Behaviour: Their prey usually consists of insects, lizards and frogs, but they do occasionally prey on bird hatchlings. Australian tarantulas are also known as whistling or barking spiders because some species are able to make sounds by rubbing their front limbs against their jaws.
Danger Level: Medium
Recluse Spiders have potentially dangerous venom that can be haemotoxic and can damage the blood and skin. There has been no case of recluse spider envenomation reported in Australia.
Distribution: Southern Australia.
Behaviour: Recluse spider are not inclined to bite.
Huntsman spiders are reluctant to bite and will more likely run away when approached. Their venom isn’t considered dangerous to humans. Their danger usually comes from the accidents they cause rather than their bite.
Distribution: Hunstman spiders are widespread throughout Australia.
Behaviour: Huntsman spiders are unlikely to bite and prefer to run away.
Danger Level: Low
The bite from a common garden orb weaver spider causes minor effects such as local pain. However, they are aggressive, being the most common species of spider to bite.
Distribution: Common throughout Australia.
Behaviour: Common garden orb weaver spiders are highly aggressive—the most common spider species to bite. They are active at night and find a sheltered place to hide during the day (such as under leaves or in clothes on the washing line).
Knowing what the dangerous variants of Australian spiders look like and how they behave is an important step in avoiding the harm that they bring, but you also need to know what exactly you should do if ever you get bitten by one of these critters.
We’re here to help fill you in on some of the details, but do take note that the information below should not be taken as medical advice. If you have been bitten by a spider, please seek the closest emergency medical practitioner or hospital as soon as possible.
Any bite from a large (greater than 2 cm) dark-coloured spider in parts of NSW or South-Eastern Queensland should be considered as possible bite from a funnel-web spider. Immediate emergency treatment should be given.
Signs and Symptoms:
A redback spider bite may be life-threatening to a child, but is rarely serious for an adult. However, you should take precaution with all redback spider bites.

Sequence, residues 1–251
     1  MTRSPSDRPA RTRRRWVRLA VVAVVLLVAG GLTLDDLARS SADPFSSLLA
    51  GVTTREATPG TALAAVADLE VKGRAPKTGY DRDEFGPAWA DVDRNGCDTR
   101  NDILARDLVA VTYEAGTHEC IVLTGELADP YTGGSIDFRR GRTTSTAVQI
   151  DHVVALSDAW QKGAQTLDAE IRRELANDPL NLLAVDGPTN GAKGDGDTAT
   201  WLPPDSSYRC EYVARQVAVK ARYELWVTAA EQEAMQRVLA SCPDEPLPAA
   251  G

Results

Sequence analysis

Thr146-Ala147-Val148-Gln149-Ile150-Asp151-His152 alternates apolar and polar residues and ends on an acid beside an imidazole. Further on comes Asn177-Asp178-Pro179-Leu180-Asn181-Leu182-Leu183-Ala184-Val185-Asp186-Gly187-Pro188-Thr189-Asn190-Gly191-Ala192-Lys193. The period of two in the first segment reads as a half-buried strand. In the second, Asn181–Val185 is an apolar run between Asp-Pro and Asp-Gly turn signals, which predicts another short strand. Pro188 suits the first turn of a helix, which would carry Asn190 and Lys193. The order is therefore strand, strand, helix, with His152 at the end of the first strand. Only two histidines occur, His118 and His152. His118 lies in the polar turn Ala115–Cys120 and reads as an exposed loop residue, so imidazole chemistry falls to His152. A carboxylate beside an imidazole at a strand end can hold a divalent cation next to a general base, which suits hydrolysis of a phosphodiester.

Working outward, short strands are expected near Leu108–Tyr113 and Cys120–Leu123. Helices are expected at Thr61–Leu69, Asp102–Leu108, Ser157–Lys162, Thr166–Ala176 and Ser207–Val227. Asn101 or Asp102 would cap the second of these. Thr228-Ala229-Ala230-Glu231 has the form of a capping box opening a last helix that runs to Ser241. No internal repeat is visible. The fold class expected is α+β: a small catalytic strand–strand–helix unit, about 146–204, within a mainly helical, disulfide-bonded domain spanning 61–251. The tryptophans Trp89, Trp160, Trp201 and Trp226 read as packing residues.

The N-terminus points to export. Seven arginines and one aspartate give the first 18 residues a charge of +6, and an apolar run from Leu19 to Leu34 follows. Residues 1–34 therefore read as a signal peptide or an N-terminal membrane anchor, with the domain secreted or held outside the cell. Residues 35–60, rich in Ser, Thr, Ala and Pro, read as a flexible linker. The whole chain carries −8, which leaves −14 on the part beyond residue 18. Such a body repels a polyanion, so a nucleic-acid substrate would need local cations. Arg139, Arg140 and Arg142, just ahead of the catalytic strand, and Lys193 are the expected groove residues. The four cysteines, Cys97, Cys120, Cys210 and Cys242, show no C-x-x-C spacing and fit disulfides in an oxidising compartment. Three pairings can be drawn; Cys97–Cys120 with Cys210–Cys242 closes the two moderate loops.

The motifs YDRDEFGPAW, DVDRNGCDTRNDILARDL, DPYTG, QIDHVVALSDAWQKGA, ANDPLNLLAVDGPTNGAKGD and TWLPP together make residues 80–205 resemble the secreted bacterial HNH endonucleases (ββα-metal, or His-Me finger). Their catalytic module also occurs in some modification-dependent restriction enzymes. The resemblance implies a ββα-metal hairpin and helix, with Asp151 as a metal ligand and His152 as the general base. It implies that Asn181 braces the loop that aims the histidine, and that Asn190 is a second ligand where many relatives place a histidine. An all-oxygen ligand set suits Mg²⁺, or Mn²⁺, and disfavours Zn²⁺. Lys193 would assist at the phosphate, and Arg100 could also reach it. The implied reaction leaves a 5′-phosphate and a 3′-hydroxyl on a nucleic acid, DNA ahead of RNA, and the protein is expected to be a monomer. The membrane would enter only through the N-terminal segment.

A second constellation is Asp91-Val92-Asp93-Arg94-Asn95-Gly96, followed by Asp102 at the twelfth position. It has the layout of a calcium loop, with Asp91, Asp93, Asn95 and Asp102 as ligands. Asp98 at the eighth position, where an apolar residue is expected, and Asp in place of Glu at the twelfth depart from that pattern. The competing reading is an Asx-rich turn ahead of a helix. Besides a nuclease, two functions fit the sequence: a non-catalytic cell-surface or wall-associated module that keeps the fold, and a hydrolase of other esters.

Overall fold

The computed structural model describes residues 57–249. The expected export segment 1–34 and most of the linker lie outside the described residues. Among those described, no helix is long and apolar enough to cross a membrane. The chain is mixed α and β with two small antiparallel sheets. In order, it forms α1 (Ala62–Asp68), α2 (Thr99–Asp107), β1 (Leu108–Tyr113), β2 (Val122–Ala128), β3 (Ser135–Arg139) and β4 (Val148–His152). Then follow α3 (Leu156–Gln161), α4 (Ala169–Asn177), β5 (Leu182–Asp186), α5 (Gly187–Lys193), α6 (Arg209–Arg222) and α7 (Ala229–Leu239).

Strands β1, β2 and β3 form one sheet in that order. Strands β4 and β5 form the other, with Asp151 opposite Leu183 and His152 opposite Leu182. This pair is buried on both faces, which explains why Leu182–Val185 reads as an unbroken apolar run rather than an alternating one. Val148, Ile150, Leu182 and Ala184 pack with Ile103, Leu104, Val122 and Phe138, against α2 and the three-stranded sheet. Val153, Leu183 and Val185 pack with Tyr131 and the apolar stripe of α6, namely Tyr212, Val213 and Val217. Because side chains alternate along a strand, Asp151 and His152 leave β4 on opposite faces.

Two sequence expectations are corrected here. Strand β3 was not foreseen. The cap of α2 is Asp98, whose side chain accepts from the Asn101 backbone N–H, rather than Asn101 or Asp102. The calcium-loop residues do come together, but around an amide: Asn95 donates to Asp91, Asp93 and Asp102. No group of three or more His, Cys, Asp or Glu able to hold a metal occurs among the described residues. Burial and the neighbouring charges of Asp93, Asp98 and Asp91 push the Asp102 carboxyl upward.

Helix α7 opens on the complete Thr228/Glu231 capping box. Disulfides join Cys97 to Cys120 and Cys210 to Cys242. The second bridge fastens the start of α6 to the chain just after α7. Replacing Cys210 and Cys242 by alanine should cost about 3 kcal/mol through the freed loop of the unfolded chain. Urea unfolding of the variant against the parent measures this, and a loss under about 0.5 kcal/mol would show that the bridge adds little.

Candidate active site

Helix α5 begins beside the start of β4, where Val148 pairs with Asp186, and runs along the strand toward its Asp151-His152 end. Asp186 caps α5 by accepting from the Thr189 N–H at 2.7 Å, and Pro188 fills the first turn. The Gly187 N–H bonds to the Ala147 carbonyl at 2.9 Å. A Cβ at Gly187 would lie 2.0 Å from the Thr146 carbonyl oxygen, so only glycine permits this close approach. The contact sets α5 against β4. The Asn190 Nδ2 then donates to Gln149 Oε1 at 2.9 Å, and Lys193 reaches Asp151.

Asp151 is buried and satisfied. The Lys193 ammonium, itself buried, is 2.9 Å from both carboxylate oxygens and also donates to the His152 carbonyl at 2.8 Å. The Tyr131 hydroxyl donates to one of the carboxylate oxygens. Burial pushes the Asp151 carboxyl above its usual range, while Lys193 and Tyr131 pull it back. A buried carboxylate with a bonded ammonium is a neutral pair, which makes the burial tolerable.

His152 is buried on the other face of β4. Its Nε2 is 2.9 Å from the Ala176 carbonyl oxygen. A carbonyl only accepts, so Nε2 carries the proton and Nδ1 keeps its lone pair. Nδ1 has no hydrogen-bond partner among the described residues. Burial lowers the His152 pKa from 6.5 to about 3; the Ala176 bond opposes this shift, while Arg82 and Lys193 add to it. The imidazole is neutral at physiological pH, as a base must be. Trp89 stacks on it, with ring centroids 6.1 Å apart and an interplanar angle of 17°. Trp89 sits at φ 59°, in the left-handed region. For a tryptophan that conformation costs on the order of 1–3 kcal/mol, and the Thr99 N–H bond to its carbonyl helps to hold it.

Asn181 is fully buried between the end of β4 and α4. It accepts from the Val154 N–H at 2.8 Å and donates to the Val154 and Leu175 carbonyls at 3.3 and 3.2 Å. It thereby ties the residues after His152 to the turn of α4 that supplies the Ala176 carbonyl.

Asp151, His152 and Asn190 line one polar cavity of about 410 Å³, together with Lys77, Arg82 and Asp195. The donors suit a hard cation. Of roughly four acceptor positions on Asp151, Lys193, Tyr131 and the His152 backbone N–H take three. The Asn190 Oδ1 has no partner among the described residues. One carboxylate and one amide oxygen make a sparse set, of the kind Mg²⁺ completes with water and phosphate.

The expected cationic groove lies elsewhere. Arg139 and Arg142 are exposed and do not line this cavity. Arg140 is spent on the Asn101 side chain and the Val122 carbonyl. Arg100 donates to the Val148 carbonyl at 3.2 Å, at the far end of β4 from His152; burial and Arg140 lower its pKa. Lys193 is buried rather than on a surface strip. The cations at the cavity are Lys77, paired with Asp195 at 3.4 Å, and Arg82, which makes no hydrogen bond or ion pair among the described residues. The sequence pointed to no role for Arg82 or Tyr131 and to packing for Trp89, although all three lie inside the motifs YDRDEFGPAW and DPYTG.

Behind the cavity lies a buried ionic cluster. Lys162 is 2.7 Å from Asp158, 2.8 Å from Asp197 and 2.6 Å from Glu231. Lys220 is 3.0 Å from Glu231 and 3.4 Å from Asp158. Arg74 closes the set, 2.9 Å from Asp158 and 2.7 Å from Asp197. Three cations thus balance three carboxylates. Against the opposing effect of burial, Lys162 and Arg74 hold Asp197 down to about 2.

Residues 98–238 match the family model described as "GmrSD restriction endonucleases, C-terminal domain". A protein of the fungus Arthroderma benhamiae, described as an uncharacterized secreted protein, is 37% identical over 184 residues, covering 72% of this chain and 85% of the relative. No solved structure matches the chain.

Signs and Symptoms:
For other spider bites that aren’t from large spiders (smaller than 2 cm) and are from a light-coloured spider, you should apply the same treatment as a redback spider bite.
Note: Even if a spider appears to have weak venom, you should follow the same precautions as if you were bitten by a funnel-web spider. A spider bite reaction can differ from person to person, potentially leading to an anaphylactic reaction, which can be life threatening. Refer to ‘What is Anaphylaxis?’ for more information about this condition. In all spider bite cases, please seek medical assistance as soon as you can.
Before we end this article, we’ll leave you with this interesting spider bite story that one of our students shared with us a short while back. Notice how sometimes, even something like a bite from a common type of spider can go unnoticed or misdiagnosed. This highlights the need for us to be aware of our surroundings and to learn as much as possible about the options available to us in terms of spider bite first aid and treatment.
“It’s actually a funny story. A couple nights ago, my partner and I were in bed, and he shot up and said he’d seen a spider—safe to say we didn’t sleep in our own bed for nights. He then developed bronchitis within what appears to be 28 – 36 hours. He didn’t know what type of spider it was, and he didn’t alert the GP when he saw her. Today, however, when I was getting ready for work, I found the 8-legged rascal in my clothes! It was the brown big-butted garden orb weaver spider.
The symptoms were nausea and dizziness, which he’s had since the bite he found the morning after, but the doctor—I think—has misdiagnosed the severity because of the unknown spider bite, and she instead prescribed heavy duty antibiotics, puffers, and even steroids to my partner.”
“Two days after the spider bit my partner, the spider bite now looks like a purple smudge, a bit like a bruise. The morning after the spider bite occurred, it looked like a purple nipple due to swelling and because my partner scratched it.”
Australia Wide First Aid offers first aid courses in convenient locations around the country. Find out more:
Please select your location and course